Norwegian Physical Anthropology and the Idea of a Nordic Master Race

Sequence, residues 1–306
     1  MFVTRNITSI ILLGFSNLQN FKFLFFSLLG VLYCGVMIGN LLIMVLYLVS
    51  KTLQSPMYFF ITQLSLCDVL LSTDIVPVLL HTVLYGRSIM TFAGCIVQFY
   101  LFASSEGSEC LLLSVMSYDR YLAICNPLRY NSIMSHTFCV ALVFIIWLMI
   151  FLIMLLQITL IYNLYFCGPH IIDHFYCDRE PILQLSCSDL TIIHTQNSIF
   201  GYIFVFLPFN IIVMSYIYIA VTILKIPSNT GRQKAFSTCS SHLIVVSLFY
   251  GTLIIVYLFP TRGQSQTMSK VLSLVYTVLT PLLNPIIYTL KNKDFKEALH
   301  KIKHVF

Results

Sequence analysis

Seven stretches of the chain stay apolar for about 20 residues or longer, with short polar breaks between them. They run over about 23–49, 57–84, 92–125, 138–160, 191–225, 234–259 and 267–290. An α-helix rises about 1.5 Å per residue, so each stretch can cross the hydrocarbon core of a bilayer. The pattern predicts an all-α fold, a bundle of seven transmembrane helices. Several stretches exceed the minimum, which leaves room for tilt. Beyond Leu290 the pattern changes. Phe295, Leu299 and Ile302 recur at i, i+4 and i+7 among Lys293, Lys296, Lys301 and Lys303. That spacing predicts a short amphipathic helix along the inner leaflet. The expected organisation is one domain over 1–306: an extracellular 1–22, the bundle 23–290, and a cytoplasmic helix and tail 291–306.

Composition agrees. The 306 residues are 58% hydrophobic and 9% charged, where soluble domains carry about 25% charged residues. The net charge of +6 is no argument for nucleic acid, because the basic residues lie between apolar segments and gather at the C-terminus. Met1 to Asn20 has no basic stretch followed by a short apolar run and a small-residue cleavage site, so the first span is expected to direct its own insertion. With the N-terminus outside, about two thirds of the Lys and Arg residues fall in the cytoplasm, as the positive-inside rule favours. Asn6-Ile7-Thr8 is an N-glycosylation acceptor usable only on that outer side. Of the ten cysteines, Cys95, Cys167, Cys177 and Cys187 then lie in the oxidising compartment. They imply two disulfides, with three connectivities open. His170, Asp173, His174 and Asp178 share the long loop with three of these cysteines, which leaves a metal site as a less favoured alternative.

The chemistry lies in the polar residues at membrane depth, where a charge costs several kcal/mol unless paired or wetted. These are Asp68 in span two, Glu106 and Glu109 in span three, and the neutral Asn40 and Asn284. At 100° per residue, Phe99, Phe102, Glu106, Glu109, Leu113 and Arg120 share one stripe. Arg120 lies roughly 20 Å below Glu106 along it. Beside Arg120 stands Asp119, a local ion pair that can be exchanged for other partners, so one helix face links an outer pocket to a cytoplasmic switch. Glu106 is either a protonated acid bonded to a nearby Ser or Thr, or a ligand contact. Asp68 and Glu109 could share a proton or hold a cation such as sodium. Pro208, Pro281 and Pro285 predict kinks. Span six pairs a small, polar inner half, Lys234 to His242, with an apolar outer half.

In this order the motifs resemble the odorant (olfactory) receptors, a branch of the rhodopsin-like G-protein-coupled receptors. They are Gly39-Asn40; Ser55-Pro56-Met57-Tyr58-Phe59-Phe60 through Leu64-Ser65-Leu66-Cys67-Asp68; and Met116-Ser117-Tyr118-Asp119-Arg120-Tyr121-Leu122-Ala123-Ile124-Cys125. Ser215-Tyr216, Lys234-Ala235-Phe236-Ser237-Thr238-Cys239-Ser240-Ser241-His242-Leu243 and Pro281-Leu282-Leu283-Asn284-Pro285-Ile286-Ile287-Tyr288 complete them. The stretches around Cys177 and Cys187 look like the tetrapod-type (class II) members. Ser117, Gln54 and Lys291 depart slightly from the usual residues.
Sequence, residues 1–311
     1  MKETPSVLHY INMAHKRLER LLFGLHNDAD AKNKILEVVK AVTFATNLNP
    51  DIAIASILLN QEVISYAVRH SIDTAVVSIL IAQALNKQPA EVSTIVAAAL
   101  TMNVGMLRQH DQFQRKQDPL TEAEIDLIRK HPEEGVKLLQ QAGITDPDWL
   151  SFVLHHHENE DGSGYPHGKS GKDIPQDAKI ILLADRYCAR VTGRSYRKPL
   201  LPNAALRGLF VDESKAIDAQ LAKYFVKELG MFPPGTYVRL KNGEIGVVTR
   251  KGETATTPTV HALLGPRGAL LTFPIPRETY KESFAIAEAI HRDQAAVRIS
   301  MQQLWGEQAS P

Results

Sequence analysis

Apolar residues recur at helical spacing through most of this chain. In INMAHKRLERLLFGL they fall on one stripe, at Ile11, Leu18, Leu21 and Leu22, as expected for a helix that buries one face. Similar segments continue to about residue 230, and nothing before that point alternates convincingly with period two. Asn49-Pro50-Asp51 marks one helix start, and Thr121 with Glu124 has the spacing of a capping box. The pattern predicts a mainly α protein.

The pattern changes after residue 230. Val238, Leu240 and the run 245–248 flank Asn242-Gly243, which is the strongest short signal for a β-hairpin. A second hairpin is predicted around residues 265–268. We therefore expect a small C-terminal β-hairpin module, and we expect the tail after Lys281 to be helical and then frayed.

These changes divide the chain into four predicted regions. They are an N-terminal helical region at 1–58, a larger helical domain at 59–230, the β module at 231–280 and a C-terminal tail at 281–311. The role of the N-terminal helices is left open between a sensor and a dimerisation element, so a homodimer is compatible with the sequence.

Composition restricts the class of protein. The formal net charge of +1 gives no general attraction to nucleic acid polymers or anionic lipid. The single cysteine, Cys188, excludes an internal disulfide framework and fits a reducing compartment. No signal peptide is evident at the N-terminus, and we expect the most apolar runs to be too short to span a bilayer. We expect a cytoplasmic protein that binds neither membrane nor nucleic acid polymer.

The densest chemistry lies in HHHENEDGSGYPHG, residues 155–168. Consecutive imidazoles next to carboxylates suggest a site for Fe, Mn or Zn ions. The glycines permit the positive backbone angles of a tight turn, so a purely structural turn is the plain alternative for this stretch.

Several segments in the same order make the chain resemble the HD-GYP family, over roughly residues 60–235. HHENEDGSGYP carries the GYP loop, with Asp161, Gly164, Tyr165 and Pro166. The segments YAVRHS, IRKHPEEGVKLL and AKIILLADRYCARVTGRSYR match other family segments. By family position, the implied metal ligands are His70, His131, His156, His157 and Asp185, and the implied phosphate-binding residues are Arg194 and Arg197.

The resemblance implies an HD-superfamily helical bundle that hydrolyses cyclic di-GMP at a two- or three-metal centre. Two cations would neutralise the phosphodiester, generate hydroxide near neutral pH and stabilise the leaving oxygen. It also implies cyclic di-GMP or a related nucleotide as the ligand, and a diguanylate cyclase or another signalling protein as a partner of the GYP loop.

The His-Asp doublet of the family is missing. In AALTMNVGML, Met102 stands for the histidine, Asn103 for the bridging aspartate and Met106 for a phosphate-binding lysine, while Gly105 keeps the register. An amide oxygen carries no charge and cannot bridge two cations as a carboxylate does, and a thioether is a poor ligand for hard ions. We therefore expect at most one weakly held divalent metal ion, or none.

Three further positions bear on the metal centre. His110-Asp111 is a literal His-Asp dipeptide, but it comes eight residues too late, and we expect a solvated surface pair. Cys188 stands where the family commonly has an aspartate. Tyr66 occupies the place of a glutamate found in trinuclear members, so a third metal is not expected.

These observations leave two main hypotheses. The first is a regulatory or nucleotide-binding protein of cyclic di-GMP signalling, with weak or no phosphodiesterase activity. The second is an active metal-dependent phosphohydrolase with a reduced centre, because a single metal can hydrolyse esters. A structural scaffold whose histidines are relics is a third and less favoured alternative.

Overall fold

Anthropologists used to consider Norway a homeland for the so-called Nordic—or Germanic—race, which many Europeans and Americans held to be a superior race. This paper deals with the rise and decline of the idea of a Nordic master race in Norwegian physical anthropology. In the 1890s this idea held a key position in anthropological research on the racial identity and origin of the Norwegian population. In the early 1930s, however, leading Norwegian anthropological authorities condemned it as pseudoscientific ideology. I show how Norwegian discussions over this issue were related to greater conflicts within the international eugenics movement, to changing relations between German and Norwegian racial anthropologists before and after the Nazi takeover in Germany, and to conflicting and changing ideas of Norwegian nationhood among Norwegian scholars.